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Details of Grant 

EPSRC Reference: EP/K034472/1
Title: Robot Navigation, Perception and Planning for Intelligent Energy Management in Electric Vehicles
Principal Investigator: Posner, Professor I
Other Investigators:
Researcher Co-Investigators:
Project Partners:
Department: Engineering Science
Organisation: University of Oxford
Scheme: First Grant - Revised 2009
Starts: 31 March 2014 Ends: 30 September 2015 Value (£): 99,191
EPSRC Research Topic Classifications:
Electric Motor & Drive Systems Robotics & Autonomy
Transport Ops & Management
EPSRC Industrial Sector Classifications:
Transport Systems and Vehicles
Related Grants:
Panel History:
Panel DatePanel NameOutcome
07 May 2013 Engineering Prioritisation Meeting 7/8 May 2013 Announced
Summary on Grant Application Form
By 2020 independent forecasts predict hundreds of thousands of plug-in electric and hybrid vehicles on UK roads. While the adoption of this technology is currently driven by environmental concerns, the significant potential of electric and hybrid vehicle technology for sustainable economic growth is becoming increasingly apparent. However, in order for this technology to achieve the penetration required to become a viable mass-market alternative to conventional cars it needs to be perceived as meeting consumers' needs. Recent studies have shown that this mass-market penetration is primarily impeded for all-electric vehicles by fears over range limitations as well as vehicle cost. 'Range Anxiety' is fueled by inaccurate feedback from the vehicle regarding the remaining range available. Costs are driven up primarily by limitations on battery capacity and life, both of which are affected by the number and ferocity of charging cycles.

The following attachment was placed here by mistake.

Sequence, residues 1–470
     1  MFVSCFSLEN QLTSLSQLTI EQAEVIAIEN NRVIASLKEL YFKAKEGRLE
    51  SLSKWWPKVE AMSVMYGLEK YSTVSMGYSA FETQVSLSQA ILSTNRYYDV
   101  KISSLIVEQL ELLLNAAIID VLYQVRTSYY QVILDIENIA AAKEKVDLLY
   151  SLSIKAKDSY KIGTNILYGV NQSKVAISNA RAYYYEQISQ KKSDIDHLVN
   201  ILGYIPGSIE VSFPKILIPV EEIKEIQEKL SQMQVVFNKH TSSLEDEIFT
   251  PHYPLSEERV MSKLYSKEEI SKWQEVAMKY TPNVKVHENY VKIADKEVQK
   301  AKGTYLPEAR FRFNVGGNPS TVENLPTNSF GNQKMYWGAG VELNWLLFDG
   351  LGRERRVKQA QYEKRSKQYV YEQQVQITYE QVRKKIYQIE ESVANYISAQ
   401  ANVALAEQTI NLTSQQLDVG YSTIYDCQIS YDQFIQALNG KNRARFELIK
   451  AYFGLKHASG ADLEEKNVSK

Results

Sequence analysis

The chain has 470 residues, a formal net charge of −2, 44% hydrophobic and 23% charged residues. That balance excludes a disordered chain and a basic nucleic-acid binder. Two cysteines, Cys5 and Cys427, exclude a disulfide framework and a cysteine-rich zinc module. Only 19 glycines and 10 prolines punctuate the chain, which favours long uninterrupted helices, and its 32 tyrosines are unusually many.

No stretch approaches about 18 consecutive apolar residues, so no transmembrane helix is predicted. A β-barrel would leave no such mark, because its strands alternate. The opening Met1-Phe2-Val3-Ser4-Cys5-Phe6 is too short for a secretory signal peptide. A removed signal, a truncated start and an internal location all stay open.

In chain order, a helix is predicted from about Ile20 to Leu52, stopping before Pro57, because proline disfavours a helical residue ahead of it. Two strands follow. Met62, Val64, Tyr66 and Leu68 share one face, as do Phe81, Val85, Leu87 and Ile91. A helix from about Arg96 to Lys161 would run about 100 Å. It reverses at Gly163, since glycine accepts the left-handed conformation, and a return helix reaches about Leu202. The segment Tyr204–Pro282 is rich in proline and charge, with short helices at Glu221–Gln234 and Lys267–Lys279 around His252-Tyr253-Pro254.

It is an established fact that the range of an electric vehicle, and therefore the eventual need for charging, is significantly influenced by a number of factors such as the velocity profile and geography along the vehicle's trajectory, the condition of the road or the weather. Repeatedly accelerating up a hill in a traffic jam, for example, is more load-intensive than cruising at constant speed on level ground. However, few of these insights improve the experience of the individual end-user: neither driver-specific information such as driving behaviour or commonly driven routes nor route-specific information such as traffic volume, speed limits or the location of stop-signs and traffic lights are currently exploited when considering vehicle range or battery longevity in every-day deployment.

This project addresses these shortcomings by leveraging state-of-the-art Robotics and Machine Learning techniques for the prediction of vehicle range as well as the optimisation of battery longevity. Methods established in the context of robot navigation and perception are ideally suited to provide evolving, in-situ information on driver behaviour and route infrastructure. In concert with such a driver-specific usage profile of a car, core robotics technologies concerning robust planning and decision making can address the task of deciding when and how long for to charge a vehicle such that battery life is preserved and charging costs are minimised. Therefore, by considering how, where and when a vehicle is traveling this project will lead to improved forecasts of vehicle range as well as to more germane charging regimes.

Key Findings
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Potential use in non-academic contexts
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Date Materialised
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Organisation Website: http://www.ox.ac.uk